Here you’ll find my favorite reads of the year. I’m always looking for a good book, so please feel free to leave a comment with your favorite as well! (I’ll add new books to the top of the page.)
The Push: A Climber’s Search for the Path – Tommy Caldwell
I’m not quite done with this one but I already know I’m going to recommend it!
What Made Maddy Run: The Secret Struggles and Tragic Death of An All-American Teen -Kate Fagan
I won’t say too much about this one, mainly that anyone involved in a young person’s life, especially young people who grow up in middle to upper class neighborhoods with constant pressures to perform and go to college. In this book, author Kate Fagan follows the story of Maddy Holleran, who ran track at and Ivy League school. Kate pieces the story together through Maddy’s family and friends, also doing extensive research on mental health and the current world of our young people.
The Newcomers: Fining Refuge, Friendship, and Hope in an American Classroom – Helen Thorpe
Another accidental find at the library that I am so happy I picked up. For a year and a half, Thorpe observes an ELA class at South High School in Denver of newly arrived immigrants (or newcomers) just starting school in the United States and learning a new language (though may already speak several languages). A large part of her words are dedicated to the students growth and development in class and in school, but Thorpe also visits some of the student’s families to get a better idea of what her students have survived and what they’ve carried with them into the new country. Thorpe also adds in a visit one of the countries in which a few of the students hailed From, exploring what life was life for them living in a refugee camp. As a backdrop, the book was written from 2015-2016, in the midst of controversial president election.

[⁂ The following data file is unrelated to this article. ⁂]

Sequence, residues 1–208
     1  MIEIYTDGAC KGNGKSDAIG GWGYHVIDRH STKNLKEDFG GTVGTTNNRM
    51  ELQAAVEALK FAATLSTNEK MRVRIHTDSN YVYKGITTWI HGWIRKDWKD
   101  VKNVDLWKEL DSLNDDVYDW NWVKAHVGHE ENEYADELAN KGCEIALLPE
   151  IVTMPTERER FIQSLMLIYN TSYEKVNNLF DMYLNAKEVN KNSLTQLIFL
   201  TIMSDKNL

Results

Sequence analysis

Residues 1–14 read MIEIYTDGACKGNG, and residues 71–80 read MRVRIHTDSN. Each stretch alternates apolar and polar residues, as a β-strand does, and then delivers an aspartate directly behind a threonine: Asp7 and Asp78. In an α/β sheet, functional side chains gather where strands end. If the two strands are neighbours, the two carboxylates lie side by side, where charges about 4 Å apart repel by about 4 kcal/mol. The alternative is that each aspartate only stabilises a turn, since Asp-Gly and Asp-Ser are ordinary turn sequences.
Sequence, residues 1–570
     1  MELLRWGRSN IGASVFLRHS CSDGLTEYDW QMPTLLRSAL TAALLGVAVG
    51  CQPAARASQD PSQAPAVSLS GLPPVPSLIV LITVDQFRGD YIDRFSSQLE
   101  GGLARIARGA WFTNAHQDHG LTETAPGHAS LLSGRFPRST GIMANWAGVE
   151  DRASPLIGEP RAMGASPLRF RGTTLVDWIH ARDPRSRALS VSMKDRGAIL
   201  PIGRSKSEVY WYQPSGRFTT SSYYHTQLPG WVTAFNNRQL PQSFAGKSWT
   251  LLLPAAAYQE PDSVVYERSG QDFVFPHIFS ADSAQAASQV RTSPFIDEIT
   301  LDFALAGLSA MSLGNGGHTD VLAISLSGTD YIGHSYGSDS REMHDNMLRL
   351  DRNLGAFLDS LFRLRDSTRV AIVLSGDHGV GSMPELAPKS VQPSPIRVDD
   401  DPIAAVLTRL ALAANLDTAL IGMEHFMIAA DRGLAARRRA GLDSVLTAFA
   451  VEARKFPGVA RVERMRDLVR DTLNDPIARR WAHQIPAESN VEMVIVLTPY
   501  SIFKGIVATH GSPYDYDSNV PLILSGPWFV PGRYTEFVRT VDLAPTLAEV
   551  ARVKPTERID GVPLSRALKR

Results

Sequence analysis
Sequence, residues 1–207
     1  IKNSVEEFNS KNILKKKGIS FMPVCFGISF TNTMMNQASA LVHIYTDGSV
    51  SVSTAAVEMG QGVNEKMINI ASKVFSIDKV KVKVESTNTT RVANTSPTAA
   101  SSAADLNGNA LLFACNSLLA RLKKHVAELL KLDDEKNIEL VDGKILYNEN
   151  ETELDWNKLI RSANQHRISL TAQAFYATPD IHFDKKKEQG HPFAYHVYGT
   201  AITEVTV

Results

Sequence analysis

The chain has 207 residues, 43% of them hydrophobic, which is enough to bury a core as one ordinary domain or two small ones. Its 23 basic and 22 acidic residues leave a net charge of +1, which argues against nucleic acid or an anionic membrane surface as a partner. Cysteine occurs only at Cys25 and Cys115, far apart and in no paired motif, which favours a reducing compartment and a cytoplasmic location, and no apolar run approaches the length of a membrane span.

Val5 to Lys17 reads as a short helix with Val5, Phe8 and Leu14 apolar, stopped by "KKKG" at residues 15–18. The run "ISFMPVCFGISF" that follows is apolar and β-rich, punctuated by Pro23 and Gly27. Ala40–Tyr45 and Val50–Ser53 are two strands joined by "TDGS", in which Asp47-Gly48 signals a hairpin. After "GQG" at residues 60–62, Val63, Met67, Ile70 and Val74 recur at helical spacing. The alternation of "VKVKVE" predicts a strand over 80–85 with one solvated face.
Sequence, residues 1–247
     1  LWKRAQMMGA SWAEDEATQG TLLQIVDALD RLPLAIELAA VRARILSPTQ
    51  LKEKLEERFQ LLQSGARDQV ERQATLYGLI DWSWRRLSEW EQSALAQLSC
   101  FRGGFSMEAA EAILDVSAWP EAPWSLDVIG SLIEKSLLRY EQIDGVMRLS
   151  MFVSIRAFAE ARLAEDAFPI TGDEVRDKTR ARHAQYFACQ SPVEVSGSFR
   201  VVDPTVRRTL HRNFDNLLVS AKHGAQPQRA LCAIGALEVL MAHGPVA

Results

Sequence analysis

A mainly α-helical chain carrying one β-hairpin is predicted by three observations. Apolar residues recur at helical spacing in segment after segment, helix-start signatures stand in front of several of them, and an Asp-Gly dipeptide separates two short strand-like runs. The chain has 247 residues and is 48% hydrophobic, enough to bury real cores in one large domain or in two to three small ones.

The Magnificent Mountain Women- Janet Robertson
I highly recommend The Magnificent Mountain Women to any of my friends in Colorado who want to learn more about the general history of the Rocky Mountains as well as the women who left their impact on the state. The book includes the first summits of Longs Peak and Pikes peak by women, homesteaders, botanist, “The Women’s Park” (Mesa Verde National Park), and modern climbers. (Robertson started off in her preface acknowledging that she left out the history of Native American women, and that much of the written records came from people with some privilege.)
Educated: A Memoir- Tara Westover